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Who knows why turkey became the fowl of choice this time of year, leaving duck forgotten by most. I guess the ducks themselves are just fine with this arrangement, but if you’re looking for a less-traditional and more adventurous Thanksgiving dinner, why not give duck a try?
A whole, roasted duck tends to work best for smaller groups, as there is less meat on a duck carcass than on a chicken or turkey and depending on where you buy it, duck can be more expensive. Duck is prized for its rich flavor and thick, fatty skin that is hard to resist when cooked until crisp. Duck is often cooked with a sweet glaze because it helps the skin caramelize and crisp up. A hint of sweetness also goes well with the slightly gamey flavor of the meat. You don’t need to go overboard with this, however, as our recipe below for a Tamari Honey Glaze proves. You can skip a glaze completely, of course, and simply season the duck with spices that give the impression of sweetness, like cinnamon, cardamom, allspice and Chinese five spice powder.
Either way, the duck will be even more memorable if you serve some sort of sauce on the side. Again, a hint of sweetness pairs undeniably well. Orange Honey Sauce and Balsamic Berry Sauce get their sweetness from fruit and also have a palate-cleansing kick from a hit of vinegar. Served next to the cooked duck, either (or both!) will make for a memorable holiday meal.
Talk to your butcher about how large of a duck you need. The cooking time below is for a 4lb duck, which will typically feed three people.
Preheat oven to 375° Fahrenheit.
Rinse the duck, then pat dry, inside and out, with paper towels. Optional: For extra crispy skin, place the duck in a roasting pan and refrigerate uncovered overnight.
Remove fat and anything else from inside the cavity and discard.
Using your fingers, loosen the duck’s skin all around it’s body. Apply seasoning of choice (see recipes below) under the skin as much as possible and on top of the duck skin.
Optional: Truss the duck with kitchen string. A duck will cook just fine without being tied together, however, some people feel it looks better if it is trussed. There are many methods of trussing poultry and we favor a very simple one. First, cut 4 feet or so of kitchen twine. Set the duck breast-side-up with the legs facing you. Center the twine beneath the ends of the legs and the tail of fat at the end of the duck. Lift the two ends of twine on your left and right and cross the twine over the top of the duck legs and tail of fat.
Pull the twine tightly so the legs are pulled close to the body of the duck. Pull the ends of the twine forward (away from you) and loop the twine over the wings and around the front of the duck so the wings are pulled close to the body.
Tie a knot so the twine is secured where the neck once was. You can snip the tips of the wings off, as they have little to no meat on them and often burn while cooking.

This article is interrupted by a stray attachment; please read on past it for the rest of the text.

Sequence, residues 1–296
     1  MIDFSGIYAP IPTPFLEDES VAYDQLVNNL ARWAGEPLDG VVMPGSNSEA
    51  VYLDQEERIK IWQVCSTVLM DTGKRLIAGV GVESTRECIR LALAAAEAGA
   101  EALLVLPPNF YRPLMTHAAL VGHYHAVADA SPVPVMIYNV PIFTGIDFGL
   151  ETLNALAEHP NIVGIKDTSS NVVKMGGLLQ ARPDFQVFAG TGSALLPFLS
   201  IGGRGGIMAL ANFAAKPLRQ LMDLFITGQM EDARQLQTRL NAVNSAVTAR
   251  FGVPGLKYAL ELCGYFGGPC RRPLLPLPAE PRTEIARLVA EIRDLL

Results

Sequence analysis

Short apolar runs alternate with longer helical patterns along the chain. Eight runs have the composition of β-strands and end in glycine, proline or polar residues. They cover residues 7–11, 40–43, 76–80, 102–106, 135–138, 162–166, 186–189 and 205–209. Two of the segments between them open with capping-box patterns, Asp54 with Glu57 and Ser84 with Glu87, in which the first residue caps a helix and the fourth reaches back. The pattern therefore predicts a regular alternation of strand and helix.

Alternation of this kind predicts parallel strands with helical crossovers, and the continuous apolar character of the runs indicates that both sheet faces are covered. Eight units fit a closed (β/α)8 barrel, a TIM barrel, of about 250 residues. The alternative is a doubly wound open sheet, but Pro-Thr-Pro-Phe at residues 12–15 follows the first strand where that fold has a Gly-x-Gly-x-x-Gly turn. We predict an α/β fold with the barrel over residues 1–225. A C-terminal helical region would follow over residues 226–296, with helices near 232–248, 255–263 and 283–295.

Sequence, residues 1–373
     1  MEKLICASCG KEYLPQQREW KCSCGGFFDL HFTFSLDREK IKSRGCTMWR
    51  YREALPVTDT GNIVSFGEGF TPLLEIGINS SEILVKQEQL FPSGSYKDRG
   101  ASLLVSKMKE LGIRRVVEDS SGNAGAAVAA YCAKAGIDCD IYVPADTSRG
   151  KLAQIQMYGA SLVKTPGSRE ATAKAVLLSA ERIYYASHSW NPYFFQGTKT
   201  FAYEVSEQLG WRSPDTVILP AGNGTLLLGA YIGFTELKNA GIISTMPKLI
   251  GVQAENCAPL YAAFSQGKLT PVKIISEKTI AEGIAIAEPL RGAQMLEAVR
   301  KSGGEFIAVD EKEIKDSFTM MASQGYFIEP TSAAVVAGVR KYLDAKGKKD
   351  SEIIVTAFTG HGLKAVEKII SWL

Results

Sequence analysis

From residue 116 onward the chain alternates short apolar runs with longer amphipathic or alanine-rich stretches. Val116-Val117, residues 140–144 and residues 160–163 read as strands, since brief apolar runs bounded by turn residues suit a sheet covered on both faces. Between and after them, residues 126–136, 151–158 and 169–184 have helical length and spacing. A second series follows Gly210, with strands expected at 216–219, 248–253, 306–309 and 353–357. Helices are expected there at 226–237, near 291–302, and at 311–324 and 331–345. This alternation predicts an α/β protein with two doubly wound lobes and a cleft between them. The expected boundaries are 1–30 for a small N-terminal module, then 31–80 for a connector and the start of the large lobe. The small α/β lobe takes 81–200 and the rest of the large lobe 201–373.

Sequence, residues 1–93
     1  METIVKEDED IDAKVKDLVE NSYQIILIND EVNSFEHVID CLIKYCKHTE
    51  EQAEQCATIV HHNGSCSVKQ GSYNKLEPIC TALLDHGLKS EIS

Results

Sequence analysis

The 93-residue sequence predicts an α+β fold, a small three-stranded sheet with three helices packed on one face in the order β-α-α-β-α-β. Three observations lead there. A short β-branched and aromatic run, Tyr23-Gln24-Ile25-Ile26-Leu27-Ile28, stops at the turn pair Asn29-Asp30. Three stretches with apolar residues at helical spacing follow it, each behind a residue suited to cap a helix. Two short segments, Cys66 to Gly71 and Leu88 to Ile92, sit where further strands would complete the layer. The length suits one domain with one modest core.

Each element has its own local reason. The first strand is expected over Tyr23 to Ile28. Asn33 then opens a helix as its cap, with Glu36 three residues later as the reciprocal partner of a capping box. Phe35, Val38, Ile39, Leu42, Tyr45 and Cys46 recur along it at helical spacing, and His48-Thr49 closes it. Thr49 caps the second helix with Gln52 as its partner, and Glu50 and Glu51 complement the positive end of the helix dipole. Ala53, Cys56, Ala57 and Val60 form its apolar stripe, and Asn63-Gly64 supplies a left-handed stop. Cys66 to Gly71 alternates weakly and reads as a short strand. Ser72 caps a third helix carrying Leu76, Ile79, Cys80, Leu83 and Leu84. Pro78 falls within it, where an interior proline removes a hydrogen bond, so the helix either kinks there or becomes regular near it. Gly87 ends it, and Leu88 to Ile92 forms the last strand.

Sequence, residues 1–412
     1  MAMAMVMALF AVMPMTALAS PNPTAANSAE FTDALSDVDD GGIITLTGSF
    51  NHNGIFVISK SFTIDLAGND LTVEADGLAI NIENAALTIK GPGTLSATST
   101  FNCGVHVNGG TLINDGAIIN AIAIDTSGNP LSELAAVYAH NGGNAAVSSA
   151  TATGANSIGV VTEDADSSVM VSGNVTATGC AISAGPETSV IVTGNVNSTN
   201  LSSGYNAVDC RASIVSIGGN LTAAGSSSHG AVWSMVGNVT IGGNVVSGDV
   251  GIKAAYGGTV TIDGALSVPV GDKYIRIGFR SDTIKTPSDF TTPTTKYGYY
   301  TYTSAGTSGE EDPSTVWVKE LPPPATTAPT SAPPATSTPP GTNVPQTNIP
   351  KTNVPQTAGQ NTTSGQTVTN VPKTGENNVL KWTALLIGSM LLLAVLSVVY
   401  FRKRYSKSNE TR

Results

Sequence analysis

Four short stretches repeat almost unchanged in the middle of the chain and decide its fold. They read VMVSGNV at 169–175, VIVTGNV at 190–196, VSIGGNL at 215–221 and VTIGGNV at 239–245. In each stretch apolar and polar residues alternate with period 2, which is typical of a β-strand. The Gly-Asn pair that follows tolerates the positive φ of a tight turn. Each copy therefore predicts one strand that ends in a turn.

Place the trussed, seasoned duck breast side down in a roasting pan, preferably one with a rack so excess fat can drip off. Roast for 45 minutes.
Turn the duck over and cook, breast side up about 45 minutes more. A thermometer inserted into a thigh (not touching bone) should read 170-180°F. The meat will still be a bit pink.
If the skin is not dark and crispy enough for you, turn on the broiler and broil duck a few minutes more until golden brown.
Remove duck from oven and allow to rest for 15 minutes before carving.
A little spice can go a long way…
This sweet and salty glaze gives the duck skin more flavor. It also helps the skin brown faster. If the skin actually begins to burn before the duck is cooked through, tent a piece of foil over the duck.
Apple this glaze under and over the duck skin so it can flavor the meat as well. Make sure to do so before placing the duck in the roasting pan, as an excess amount of tamari and honey dripping into the pan will burn and smoke while the duck cooks.
Combine tamari, honey and five-spice powder in a small bowl. Mix thoroughly. Using your fingers, loosen the duck’s skin then rub the glaze over and under skin. Finish by lightly salting the outside of the duck.
Instead of a glaze, simply season the duck. You can always use just salt and pepper, but spices make the end result much more interesting.
Stir together spices. Using your fingers loosen the duck’s skin. Sprinkle the spice mixture under and on top of the skin.
A sauce need not be overloaded with sugar to pair well with duck. In fact, this sauce is more tart than sweet, thanks to the acidity in the orange juice and a drizzle of vinegar.
Gently boil the honey, vinegar and orange juice over medium heat for 10 minutes. Stir in the butter and tamari. Simmer again for five minutes.
Again with this sauce, sweet and tart flavors play off one another with great success. One more flavor element – chicken stock – gives this sauce a savory flavor.
Bring vinegar, wine and stock to a boil for ten minutes. Add berries and simmer 12-15 minutes more, until less than a 1/2 cup of liquid is left. Turn off heat and stir in butter. You can strain the sauce so it is smooth, or leave the berries in. Enjoy!